Federal law defines a “veteran” as anyone who served on active duty and was not discharged or released dishonorably. A good many of the veterans who call the GI Rights Hotline on any given day aren’t the ones you probably heard appreciated on Veterans’ Day. Here’s a sampling of some of our recent callers (some of them are still on active duty):
*A new recruit, recently reported to basic training, sent letters home to his mother saying good-bye forever. His mother, who spoke only Spanish, called us in tears, fearing for her son’s life. We called the chaplain for the unit on her behalf and asked him to check on her son to make sure he was safe. The chaplain promised he would. A few days later, the mother called us again to report her son was being discharged and sent home.
*A soldier stationed overseas was raped while off duty. Suffering from PTSD, she has found her military medical treatment inadequate. The command wants to send her to training that would involve getting tasered, nose hose insertions, and other law enforcement techniques. We are helping to secure better medical care and a medical profile that would prevent her from such trainings. We are also helping her work toward a medical discharge.
*A Marine in training told us he felt changed by being in the Marine Corps, and he didn’t like who he was becoming. He wants out, but is so steeped in military culture he can’t see a way. We’re working with him to secure an entry level separation for failure to adapt.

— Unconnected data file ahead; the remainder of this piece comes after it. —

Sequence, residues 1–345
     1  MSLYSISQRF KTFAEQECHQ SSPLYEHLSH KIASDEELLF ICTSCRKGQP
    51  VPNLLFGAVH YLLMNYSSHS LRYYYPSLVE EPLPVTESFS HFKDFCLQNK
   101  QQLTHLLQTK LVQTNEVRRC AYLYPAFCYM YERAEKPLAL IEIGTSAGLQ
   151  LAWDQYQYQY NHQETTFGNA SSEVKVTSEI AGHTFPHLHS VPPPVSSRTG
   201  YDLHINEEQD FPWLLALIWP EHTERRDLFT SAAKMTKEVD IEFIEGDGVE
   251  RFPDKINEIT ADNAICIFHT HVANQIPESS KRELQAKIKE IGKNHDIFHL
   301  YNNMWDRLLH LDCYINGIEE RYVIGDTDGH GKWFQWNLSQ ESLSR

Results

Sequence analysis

*A Marine’s father is awaiting a liver transplant. He can’t go through with the operation until his son is released from the military so that he can take care of him full time. We are working with him on submitting a hardship application for discharge so that he can return home.
*An Airman went through war training exercises. He began noticing other Airmen talking about people in the Middle East as less than human. He felt the conflict with his own belief that people are God’s children and should be treated that way. He began asking himself, “Would Jesus approve of what we’re doing?” He eventually decided to apply for discharge as a conscientious objector. He’s been recommended for approval and awaits a final decision. He recently wrote to us, “I just wanted to say hi and thank you for everything you’ve done for me, everything you’ve done for everyone else, and everything you’re going to do in the future. I’m still waiting on the good news. God bless.”
At Quaker House’s recent 50th anniversary celebration in Fayetteville, we were honored to gather with so many people who have sustained the work and mission of this organization for decades. But perhaps most inspiring to us were the veterans who came and shared their experiences. They spoke from the heart about the struggles that had brought them to Quaker House for help. We were inspired by the strength and courage it took to stand up for themselves and to choose a life different than what the military would have had them live. We offer deep appreciation for them and for all veterans who struggle to maintain their humanity amid the US war machine.
By Lenore Yarger, Quaker House Counselor to the GI Rights Hotline
Published in our Fall 2019 newsletter, News from the HomeFront.